Sunday, January 6, 2013

Doubling up

 I have chosen the two paintings that I am going to be working on first this year. Until now I have always worked on one painting at a time but this involves a lot of waiting time both for the physical time it takes for the glazes to dry and also  for the more meditative time as I evaluate and plan my next steps. So I have decided to try something new this year and  'double up'  on a regular basis...

...and what better way to begin this than with a double portrait. I often get asked when receiving enquiries regarding commissions if all the subjects need to be in one photo because they just can't get everyone together or everyone looking their best in the one photo.  This is especially the case when the subjects are small children or pets but can happen with anyone. How often have you looked at photos and noticed that one person looks great in one photo but the other person looks better in another. I am happy to work from several photos as long as the  angle of perspective isnt completely different. eg. If a client wanted a painting of a boy with his dog and the photo of the boy was taken looking up at him but the photo of the dog was taken from above looking down this would be very hard to gel into one painting.

Steven has kindly agreed to me painting him and his wife so that I can talk you through the process and enable a future client to understand the process more clearly. I have two photographs that I will be working with.  Both are taken from similar angles  which means it is relatively easy for me to take the pose of one person from one photo and the other from the other.

  I liked the way Steven was leaning towards Darlene in the first photo. It just feels so loving and warm.  Unfortunately Darlene has her eyes almost closed but in the second photo, although she is not cuddling up to Steve as much we can see her eyes much more clearly.  You can see below how I have combined the two into one outline. (click on each image to see it larger)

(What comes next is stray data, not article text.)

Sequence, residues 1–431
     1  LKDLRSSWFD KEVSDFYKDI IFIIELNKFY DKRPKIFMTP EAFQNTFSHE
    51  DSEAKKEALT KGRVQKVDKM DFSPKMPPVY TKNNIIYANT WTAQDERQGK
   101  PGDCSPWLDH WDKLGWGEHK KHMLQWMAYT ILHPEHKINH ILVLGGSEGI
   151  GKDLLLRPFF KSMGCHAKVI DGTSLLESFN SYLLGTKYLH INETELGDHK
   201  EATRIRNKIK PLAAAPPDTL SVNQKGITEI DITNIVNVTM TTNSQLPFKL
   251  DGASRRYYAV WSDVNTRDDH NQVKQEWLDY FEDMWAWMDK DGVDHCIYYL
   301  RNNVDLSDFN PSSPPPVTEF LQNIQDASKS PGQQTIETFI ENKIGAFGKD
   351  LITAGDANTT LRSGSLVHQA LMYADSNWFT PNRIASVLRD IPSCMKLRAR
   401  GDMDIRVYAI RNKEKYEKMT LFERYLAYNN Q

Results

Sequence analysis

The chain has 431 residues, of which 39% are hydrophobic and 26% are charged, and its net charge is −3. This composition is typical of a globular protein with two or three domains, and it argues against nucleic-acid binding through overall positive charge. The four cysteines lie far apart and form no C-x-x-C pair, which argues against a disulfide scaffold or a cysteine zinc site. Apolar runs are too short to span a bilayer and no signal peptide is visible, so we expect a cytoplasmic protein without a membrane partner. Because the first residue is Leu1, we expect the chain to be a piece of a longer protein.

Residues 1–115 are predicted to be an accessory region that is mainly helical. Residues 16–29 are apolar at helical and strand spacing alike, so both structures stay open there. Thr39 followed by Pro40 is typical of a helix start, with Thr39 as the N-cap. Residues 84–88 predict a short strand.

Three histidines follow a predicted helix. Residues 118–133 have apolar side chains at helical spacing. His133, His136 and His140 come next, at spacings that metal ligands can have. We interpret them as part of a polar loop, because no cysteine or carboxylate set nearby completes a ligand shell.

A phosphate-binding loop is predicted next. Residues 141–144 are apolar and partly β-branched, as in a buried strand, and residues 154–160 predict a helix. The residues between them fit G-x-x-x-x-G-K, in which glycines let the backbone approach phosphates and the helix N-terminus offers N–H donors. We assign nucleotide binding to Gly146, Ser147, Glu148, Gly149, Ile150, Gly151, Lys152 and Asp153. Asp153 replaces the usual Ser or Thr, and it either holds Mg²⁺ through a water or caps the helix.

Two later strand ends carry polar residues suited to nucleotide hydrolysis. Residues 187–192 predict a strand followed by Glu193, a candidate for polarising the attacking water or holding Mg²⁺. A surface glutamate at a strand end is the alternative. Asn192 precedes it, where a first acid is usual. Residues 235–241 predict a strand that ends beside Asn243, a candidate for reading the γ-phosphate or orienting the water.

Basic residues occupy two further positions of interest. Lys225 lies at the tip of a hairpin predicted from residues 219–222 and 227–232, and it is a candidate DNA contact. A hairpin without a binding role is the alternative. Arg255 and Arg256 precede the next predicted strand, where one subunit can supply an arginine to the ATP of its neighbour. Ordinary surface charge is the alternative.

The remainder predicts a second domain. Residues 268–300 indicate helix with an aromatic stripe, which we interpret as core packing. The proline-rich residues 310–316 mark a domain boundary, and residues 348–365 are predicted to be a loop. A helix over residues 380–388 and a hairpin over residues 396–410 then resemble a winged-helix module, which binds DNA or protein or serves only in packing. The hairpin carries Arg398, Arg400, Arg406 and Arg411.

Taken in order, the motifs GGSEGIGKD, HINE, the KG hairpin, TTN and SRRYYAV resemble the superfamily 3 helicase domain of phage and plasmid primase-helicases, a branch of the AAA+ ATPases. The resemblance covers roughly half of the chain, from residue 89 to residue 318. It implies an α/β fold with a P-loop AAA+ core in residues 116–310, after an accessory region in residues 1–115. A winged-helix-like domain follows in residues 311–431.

The background in my outline is blank at the moment but I have plans to use it to help create a warm loving atmosphere. When you are taking or selecting references for a commission  it is much better to choose photos that have the subject(s) nicely lit and in focus than worry about a distracting background because this can be changed.

so to summarize:

1. I can use multiple photos as long as they are taken from a similar perspective.
2. Try to choose  photos that are in focus as it is very hard for me to guess missing or blurry information
3. Try to find or take photos with interesting lighting rather than an inbuilt camera flash. Its better to go outside or next to a window and take a photo with light coming in from an angle and have a distracting background than choose a less clear photo of the subject but with a perfectly clear of clutter background.

 I will tell you about the other painting I will be working on soon but until then here's a clue.... it involves a sticky but topical subject.



  1. since you are from Canada it has to have something to do with maple syrup? I cant wait to see what you are going to do with the background.